Spring 2014 | February - May 2014
★★★★ The Guardian
★★★★ Time Out
★★★★ The Times
Time Out Critics' Choice
OffWestEnd Award Nominations
Best Female Performance - Hannah Murray as Martine at Finborough
Best Female Performance in a Supporting Role - Susan Penhaglion for Martine at Finborough
Best Production - Martine at Finborough
Best Director - Tom Littler for Martine at Finborough
Best Sound Designer - Max Pappenheim for Martine at Finborough
Jean-Jacques Bernard’s seminal 1922 play in the first UK production for more than 25 years
“When you’re away I can’t survive without her, I keep talking to her about you. And I hurt her. I seem to have to do it.”
The Great War is over. It is the summer of 1920, in rural France.
By a dusty road, a girl is sitting under the shade of an apple tree. She sees someone walking towards her. He is a young man, just back from fighting in Syria. He joins her under the tree, and a tragic love story begins.
Often compared to Chekhov, and much admired by Harold Pinter, Jean-Jacques Bernard creates a unique emotional landscape of beauty and longing, desire and disappointment.
Originally written in 1922, Martine was produced all over the world during the 1920s with many leading actresses of the day in the title role, including Madeleine Renaud. It was first produced in English at the Gate Theatre in 1929, and played the West End in 1933. During the 1920s and 1930s, it was performed all over the world. It was filmed for the BBC in 1952 with a cast including Claire Bloom and Denholm Elliot, and in 1985 John Fowles’s translation was produced at the National Theatre, directed by Peter Hall, starring Wendy Morgan.
Playwright Jean-Jacques Bernard was born in 1888, the son of leading French dramatist Tristan Bernard. Martine, his story of youth and romance in post-War France remains the best-known of all his plays. Bernard belonged to a group of artists called La Chimère, who attacked the prevailing melodramatic theatre (which they described as ‘an armchair between dinner and bedtime’) and pioneered drama that was domestic in action and naturalistic in style. His other plays include L’Invitation au Voyage, Nationale 6 and The Gardener of Ispahan. As a Jew living in occupied France, he was imprisoned during the Second World War in the notorious Compiègne camp and narrowly escaped deportation. He died in 1972.
Translator John Fowles (1926-2005) was an English novelist. After reading French at Oxford University, he became a teacher before starting to write. His best-known works include The Collector (1963), The Magus (1966) and The French Lieutenant’s Woman (1969) which was later made into an Oscar-nominated film with a screenplay by Harold Pinter. He also completed two other translations for the National Theatre – Don Juan (1981) and Lorenzaccio (1983). He was named by The Times in 2008 as one of the 50 greatest post-War writers.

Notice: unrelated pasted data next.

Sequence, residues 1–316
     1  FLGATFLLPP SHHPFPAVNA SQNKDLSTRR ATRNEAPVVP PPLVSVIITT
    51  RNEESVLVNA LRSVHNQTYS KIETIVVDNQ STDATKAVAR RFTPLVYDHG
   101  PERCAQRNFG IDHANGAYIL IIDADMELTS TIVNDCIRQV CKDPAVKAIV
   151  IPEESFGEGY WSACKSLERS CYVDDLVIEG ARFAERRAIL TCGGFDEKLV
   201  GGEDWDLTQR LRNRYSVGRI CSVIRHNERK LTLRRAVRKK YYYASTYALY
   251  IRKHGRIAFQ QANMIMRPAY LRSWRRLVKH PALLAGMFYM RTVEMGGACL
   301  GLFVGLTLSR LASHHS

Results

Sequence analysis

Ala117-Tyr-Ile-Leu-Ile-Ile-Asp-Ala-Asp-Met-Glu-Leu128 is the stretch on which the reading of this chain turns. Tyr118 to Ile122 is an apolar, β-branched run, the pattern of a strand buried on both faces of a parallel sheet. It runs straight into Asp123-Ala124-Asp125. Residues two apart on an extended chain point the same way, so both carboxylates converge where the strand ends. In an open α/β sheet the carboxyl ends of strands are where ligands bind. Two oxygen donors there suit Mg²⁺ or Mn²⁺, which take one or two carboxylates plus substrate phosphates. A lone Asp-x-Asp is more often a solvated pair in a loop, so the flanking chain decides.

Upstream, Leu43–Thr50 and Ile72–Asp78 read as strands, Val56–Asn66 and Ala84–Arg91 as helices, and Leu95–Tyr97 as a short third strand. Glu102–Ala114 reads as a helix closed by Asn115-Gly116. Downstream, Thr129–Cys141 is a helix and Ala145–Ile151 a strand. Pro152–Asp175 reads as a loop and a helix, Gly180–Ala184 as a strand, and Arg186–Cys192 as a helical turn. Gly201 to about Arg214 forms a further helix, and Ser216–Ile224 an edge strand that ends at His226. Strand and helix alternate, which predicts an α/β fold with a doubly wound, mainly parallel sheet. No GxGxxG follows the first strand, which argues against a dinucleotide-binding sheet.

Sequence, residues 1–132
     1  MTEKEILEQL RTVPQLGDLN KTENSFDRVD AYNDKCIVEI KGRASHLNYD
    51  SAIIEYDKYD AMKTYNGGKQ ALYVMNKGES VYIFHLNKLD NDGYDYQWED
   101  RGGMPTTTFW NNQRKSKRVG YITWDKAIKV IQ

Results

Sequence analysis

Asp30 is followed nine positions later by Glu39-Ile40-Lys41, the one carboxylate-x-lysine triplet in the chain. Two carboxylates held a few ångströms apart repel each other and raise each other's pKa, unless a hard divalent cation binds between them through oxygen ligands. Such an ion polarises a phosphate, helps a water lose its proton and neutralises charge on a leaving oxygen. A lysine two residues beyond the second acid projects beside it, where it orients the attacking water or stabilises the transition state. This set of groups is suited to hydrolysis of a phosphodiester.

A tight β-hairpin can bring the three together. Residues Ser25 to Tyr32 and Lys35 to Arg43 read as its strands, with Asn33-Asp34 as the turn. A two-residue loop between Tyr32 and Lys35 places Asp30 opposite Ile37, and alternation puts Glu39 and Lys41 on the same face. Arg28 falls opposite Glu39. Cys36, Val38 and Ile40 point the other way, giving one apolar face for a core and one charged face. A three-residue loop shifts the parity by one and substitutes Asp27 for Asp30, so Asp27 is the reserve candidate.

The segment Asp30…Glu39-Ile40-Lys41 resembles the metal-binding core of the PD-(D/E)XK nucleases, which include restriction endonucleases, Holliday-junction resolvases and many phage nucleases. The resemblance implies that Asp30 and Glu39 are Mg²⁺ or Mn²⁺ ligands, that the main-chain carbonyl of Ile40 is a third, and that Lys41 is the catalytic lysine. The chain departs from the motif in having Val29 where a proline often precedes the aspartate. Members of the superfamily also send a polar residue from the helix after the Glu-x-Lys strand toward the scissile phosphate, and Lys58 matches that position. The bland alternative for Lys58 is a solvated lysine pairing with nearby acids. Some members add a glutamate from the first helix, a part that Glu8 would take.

Tom Littler | Director
Productions at the Finborough Theatre include Jingo: A Farce of War by Charles Wood; and a season of rediscoveries comprising The Boatswain's Mate by Ethel Smyth, The Mollusc by H.H. Davies and The Confidential Clerk by T.S. Eliot.
Tom is Artistic Director of Primavera and Associate Director of Theatre503. Productions for Primavera include The Living Room, Bloody Poetry, Anyone Can Whistle (Jermyn Street Theatre), Saturday Night (Arts Theatre), Origin of the Species (Arcola Theatre), the premiere of Shiverman and European premiere of Madagascar (Theatre503), Antigone (Southwark Playhouse) and two seasons of Forgotten Classics staged readings (King’s Head Theatre).
Recent directing includes Absurd Person Singular (The Mill at Sonning), Dear Liar (Vienna’s English Theatre), As You Like It (Guildford Shakespeare Company), the premiere of Dances of Death (Gate Theatre), Good Grief (Theatre Royal Bath and Tour), Tomfoolery (UK Tour), A Little Night Music (Menier Chocolate Factory and Central Theatre, Budapest), Murder in the Cathedral (Oxford Playhouse) and The Twelve-Pound Look, Mr and Mrs Nobody and One for the Road (Frinton Summer Theatre). Tom was educated at Oxford University. As an assistant director, he worked widely in the West End and regionally for directors including Laurence Boswell, Peter Gill, Peter Hall, Alan Strachan and Stephen Unwin. He was Associate Director of The Peter Hall Company for three years, and worked four times as Trevor Nunn’s Associate Director. Tom’s work has been nominated and shortlisted multiple times for OffWestEnd Awards and has received numerous Critics' Choice Awards.